How significant is India's landmark privacy judgement?
In many ways, Thursday's Supreme Court ruling that Indians have a fundamental right to privacy is one of country's most significant judgements in the last two decades.
By ruling that the right to privacy is "an intrinsic part of Article 21 that protects life and liberty", the verdict overturned two previous rulings by the top court which said privacy was not a fundamental right.
Many believe the ruling has immediate implications for the government's vast biometric ID scheme, covering access to benefits, bank accounts and payment of taxes.
Also, the verdict espouses a set of beliefs and lays down the groundwork for scrapping a controversial 2013 ruling by the top court, that upheld a law criminalising gay sex. (Last year, the court agreed to revisit the judgement.) It provides a boost to petitioners for LGBT rights. It says you cannot compel people to incriminate themselves when accused of an offence, something common in India.
"The sheer sweep means the judgement will become a reference point in a lot of areas of law," leading lawyer Rebecca John told me. "I think it will have far reaching implications on Indian life."
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At a time when many Indians worry that some of their essential private freedoms are under threat - the right to eat what you want, and the way you want to dress, for example - the judges offer some stirring passages in what is a largely a cogent and well-researched 547-page verdict:
- Privacy includes at its core the preservation of personal intimacies, the sanctity of family life, marriage, procreation, the home and sexual orientation. Privacy also connotes a right to be left alone. Privacy safeguards individual autonomy and recognises the ability of the individual to control vital aspects of his or her life. Personal choices governing a way of life are intrinsic to privacy. Privacy protects heterogeneity and recognises the plurality and diversity of our culture.
- Liberty and freedom are values which are intrinsic to our constitutional order. But they also have an instrumental value in creating conditions in which socio-economic rights can be achieved. India has no iron curtain. Our society prospers in the shadow of its drapes which let in sunshine and reflect a multitude of hues based on language, religion, culture and ideologies.
- Liberty enables the individual to have a choice of preferences on various facets of life including what and how one will eat, the way one will dress, the faith one will espouse and a myriad other matters on which autonomy and self-determination require a choice to be made within the privacy of the mind.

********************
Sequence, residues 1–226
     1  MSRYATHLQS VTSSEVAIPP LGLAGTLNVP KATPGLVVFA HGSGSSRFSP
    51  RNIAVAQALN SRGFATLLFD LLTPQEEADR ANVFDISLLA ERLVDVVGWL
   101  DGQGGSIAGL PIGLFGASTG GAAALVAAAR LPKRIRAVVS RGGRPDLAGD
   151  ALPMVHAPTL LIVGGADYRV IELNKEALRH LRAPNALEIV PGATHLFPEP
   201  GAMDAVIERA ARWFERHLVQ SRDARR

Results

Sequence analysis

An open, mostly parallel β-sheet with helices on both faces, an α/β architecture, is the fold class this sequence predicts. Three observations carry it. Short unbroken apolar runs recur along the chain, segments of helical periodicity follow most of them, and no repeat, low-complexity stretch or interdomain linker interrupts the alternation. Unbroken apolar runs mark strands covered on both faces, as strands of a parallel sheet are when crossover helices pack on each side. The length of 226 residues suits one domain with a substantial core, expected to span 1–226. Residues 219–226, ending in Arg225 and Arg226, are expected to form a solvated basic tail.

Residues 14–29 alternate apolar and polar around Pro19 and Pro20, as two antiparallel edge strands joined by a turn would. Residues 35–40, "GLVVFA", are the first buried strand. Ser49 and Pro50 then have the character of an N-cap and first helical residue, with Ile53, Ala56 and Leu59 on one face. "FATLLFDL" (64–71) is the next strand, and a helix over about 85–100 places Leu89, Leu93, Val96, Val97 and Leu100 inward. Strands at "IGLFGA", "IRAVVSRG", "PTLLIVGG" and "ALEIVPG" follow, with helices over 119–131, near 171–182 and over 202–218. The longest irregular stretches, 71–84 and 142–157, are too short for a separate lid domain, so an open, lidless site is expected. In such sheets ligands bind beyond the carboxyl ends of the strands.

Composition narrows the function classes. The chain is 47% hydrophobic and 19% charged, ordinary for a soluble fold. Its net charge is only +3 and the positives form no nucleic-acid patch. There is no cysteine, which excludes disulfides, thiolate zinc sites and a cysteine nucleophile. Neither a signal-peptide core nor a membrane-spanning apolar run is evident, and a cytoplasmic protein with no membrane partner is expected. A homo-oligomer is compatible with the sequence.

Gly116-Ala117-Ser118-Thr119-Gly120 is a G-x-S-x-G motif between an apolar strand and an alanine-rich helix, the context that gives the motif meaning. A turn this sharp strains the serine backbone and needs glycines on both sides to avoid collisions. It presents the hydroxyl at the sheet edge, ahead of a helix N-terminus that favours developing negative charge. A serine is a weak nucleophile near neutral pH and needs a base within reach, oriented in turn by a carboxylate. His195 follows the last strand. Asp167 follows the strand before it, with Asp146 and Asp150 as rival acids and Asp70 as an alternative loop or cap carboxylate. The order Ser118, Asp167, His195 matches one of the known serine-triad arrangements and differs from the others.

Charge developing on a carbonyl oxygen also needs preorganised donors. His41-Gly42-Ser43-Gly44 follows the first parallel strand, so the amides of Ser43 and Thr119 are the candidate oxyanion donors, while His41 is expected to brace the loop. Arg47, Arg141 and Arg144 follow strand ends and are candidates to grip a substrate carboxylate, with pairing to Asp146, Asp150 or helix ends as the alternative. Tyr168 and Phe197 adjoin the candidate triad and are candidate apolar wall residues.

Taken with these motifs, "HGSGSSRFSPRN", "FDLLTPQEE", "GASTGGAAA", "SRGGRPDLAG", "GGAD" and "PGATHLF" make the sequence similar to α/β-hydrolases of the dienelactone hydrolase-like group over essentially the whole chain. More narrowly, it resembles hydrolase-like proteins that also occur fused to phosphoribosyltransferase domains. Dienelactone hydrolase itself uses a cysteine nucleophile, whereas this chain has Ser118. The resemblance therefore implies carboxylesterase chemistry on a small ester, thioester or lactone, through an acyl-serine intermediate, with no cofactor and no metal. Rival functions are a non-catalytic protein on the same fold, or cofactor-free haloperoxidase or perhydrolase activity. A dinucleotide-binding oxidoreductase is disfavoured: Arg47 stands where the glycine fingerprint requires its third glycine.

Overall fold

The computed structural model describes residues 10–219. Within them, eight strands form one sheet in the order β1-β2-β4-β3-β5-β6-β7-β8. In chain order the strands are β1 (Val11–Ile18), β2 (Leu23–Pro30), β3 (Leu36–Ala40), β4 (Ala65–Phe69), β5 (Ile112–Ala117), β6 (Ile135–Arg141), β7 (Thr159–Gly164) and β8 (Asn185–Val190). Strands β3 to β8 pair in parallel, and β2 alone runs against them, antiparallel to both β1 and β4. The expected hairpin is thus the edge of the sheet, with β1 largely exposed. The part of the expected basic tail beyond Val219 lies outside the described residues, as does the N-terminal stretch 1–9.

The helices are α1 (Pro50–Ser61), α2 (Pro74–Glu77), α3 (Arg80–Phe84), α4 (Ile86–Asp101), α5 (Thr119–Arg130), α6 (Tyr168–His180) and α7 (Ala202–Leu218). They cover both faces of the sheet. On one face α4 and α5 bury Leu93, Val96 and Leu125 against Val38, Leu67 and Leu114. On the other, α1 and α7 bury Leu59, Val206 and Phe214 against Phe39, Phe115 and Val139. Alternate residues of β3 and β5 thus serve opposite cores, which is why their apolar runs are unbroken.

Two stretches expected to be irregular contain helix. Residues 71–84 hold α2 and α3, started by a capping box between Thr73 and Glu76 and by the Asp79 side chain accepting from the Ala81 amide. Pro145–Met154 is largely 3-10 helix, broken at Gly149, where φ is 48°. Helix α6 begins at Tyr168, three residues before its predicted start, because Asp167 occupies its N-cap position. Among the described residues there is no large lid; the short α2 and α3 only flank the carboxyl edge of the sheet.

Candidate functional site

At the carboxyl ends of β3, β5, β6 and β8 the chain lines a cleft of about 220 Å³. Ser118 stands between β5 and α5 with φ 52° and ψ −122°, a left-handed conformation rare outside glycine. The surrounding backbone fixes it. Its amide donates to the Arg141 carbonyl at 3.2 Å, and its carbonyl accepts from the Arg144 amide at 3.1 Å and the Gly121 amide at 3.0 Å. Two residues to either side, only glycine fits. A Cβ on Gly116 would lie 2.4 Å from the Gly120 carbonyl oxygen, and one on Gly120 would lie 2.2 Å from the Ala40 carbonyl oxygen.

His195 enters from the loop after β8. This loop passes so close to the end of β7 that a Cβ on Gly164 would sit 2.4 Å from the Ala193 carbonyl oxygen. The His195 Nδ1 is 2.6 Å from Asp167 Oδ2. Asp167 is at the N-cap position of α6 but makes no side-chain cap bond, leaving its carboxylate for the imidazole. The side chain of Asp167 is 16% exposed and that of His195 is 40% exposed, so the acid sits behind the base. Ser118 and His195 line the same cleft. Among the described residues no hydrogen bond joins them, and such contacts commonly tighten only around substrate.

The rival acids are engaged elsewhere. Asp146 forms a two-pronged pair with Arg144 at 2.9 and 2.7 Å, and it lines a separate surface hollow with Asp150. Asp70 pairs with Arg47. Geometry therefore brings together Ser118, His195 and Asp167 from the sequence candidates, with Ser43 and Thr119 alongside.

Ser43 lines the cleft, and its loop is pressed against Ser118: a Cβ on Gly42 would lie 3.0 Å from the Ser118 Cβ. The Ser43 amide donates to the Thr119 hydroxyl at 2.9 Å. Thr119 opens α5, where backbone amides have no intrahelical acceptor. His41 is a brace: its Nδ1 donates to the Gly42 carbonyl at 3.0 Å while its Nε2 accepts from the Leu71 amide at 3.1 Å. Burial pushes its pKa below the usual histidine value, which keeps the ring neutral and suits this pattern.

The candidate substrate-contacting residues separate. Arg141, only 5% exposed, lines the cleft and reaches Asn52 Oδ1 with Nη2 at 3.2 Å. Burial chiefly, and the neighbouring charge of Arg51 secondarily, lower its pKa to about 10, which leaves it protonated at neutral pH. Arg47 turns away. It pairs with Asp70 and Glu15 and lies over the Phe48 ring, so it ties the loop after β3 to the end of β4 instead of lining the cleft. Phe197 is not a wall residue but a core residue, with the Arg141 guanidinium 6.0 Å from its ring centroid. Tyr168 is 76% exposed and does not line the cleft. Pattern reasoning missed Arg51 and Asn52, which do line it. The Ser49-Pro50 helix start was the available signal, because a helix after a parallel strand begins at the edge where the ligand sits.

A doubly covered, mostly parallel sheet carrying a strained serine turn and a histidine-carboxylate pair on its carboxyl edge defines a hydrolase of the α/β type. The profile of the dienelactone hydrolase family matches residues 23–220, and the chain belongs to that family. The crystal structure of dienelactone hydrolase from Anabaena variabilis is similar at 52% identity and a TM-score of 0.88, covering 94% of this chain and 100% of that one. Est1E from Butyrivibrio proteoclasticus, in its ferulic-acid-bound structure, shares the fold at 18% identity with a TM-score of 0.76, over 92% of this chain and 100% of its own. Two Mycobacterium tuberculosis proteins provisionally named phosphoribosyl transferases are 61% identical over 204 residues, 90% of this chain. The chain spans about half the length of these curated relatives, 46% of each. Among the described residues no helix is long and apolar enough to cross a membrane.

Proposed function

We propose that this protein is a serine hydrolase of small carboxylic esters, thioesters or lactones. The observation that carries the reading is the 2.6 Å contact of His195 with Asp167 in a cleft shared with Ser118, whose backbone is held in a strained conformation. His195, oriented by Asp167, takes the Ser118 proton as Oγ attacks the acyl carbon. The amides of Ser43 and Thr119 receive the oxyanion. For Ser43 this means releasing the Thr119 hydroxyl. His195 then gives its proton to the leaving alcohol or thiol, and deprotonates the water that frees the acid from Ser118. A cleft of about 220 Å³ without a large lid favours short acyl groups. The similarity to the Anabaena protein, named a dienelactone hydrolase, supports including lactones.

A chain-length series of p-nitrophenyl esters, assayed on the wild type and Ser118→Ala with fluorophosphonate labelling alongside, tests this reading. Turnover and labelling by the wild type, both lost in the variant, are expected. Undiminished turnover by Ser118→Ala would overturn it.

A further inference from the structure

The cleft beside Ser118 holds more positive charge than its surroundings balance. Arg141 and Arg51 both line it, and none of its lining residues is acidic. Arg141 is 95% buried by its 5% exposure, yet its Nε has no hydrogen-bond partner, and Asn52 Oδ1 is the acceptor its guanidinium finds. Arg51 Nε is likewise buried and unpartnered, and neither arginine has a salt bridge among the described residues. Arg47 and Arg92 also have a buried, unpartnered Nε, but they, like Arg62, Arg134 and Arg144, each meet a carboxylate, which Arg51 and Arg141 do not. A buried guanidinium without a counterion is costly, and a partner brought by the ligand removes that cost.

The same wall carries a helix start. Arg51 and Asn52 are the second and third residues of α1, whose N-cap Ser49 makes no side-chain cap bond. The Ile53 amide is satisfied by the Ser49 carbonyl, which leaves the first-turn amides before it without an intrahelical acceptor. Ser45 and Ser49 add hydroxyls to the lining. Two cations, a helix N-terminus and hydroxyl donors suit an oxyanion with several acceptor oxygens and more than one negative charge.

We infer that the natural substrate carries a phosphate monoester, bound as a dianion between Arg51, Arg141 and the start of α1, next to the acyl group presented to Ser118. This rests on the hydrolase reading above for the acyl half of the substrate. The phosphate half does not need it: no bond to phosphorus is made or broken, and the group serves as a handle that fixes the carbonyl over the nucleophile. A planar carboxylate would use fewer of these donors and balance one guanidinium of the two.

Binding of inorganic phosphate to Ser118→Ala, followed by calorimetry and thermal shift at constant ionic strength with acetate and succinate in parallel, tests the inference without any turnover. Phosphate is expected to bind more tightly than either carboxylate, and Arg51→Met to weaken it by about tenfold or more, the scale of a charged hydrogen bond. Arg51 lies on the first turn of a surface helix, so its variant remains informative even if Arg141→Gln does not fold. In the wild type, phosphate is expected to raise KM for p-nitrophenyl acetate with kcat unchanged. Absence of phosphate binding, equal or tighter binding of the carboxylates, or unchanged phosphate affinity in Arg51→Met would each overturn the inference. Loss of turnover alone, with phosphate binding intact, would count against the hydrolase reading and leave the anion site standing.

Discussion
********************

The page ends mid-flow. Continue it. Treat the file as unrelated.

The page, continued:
- Sexual orientation is an essential attribute of privacy. Discrimination against an individual on the basis of sexual orientation is deeply offensive to the dignity and self-worth of the individual. Equality demands that the sexual orientation of each individual in society must be protected on an even platform.
The judgement is, in parts, a rousing philosophical articulation of the right to privacy and the importance of an independent, dignified life for the individual. The verdict is remarkable because, as scholar Pratap Bhanu Mehta told me, it "asks us to look at a system of rights as an interconnected whole" rather than dealing with them in isolation.
What appears to be less clear are the implications the judgement will have on the use of state power in collecting personal information. For one, it recognises that there are compelling state interests in collecting such information.
It talks about a "careful and sensitive balance between individual interests and legitimate concerns of the state" like national security, prevention and investigation of crime and ensuring social welfare benefits reach those they are intended for, a point seized upon by the ruling BJP government in its response to the judgement. The verdict supports a "careful balancing of the requirements of privacy coupled with other values which the protection of data sub-serves together with the legitimate concerns of the state".
These caveats raise a number of questions.
How will be the biometric ID card-based litigations be adjudicated in the light of Thursday's verdict? (A smaller bench will now look into the validity of the Aadhaar scheme, the largest biometric identity scheme in the world.) Will the state agencies will be given carte blanche to make this data mandatory to access benefits? What about the information that has already been collected and shared across databases? How do you balance competing public and private interests when the government links the ID to tax returns to supposedly prevent fraud and evasion and private mobile networks using the ID to sign up consumers? Also, what about media intrusion into public lives?
"What India still needs is a detailed and transparent information architecture detailing which agency or vendor shares what information with whom, and a proper privacy architecture and how you can protect yourself if the state messes with your identity," says Dr Mehta, former president of India's Centre for Policy Research think-tank and now vice-chancellor of Ashoka University.
"And, to be fair, that's not something that the court can adjudicate upon."
Many believe Thursday's judgement is a wake-up call for the government. They want it to stop treating privacy with a cavalier casualness and realise it is a matter of crucial importance. India's top court has finally given a legal basis for all privacy-related challenges.